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Aims: To evaluate the effect of Federal Drug Administration-cleared computerized insulin dose adjustment algorithms (CIDAAs) incorporated into a Remote Patient Monitoring (RPM) program on HbA1c levels.
Material & Methods: Type 2 patients receiving insulin for >6 months with HbA1c levels ≥8.0% enrolled in a Medicare Advantage plan were recruited into 3 arms; Group A (RPM plus CIDAAs, N=40), Group B (RPM but no CIDAAs, N=42), and Group C (usual care with no RPM or CIDAAs, N=33). In Groups A and B, glucose readings of >200 mg/dL and <70 mg/dL triggered alerts and health educators contacted patients for counseling to avoid future episodes.
Results: Baseline HbA1c levels (% ± SD) were not statistically different among Groups A (9.5 ± 1.5), B (9.2 ± 1.1) and C (9.0 ± 0.9). At 6 months, HbA1c levels fell twice as much in Group A (-1.5 ± 1.0) as in Groups B (-0.7 ±1.5) and C (-0.7 ± 1.2) (P <0.001). Alerts >200 mg/dl were significantly less in Group A (N=942) than in B (N=1111) (P = 0.002) but alerts <70 mg/dL were not significantly different (235 vs 209). In Group A, baseline per patient daily insulin doses of 78 units rose 40% to 109 units. Six patients in Group C had emergency room visits for hypoglycemia but none in Groups A and B.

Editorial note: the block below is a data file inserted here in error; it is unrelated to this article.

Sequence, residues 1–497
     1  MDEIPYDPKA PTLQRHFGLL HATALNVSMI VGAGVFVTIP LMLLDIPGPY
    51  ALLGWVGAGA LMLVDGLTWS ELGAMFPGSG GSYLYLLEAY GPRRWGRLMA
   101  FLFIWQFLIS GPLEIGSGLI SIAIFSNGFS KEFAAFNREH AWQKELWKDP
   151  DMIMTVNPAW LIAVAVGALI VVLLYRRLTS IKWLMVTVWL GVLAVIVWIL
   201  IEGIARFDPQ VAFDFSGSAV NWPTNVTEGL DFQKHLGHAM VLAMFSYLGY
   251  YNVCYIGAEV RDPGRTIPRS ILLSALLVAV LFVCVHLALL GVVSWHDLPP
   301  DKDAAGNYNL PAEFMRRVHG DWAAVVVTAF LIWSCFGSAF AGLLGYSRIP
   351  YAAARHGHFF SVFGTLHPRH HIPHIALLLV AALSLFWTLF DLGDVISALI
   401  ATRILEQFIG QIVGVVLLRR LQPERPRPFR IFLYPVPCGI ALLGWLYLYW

Conclusions: The RPM program lessened clinical hypoglycemic risk but required CIDAAs to markedly increase insulin doses effectively and safely to significantly lower HbA1c levels twice as much as either RPM alone or usual care.
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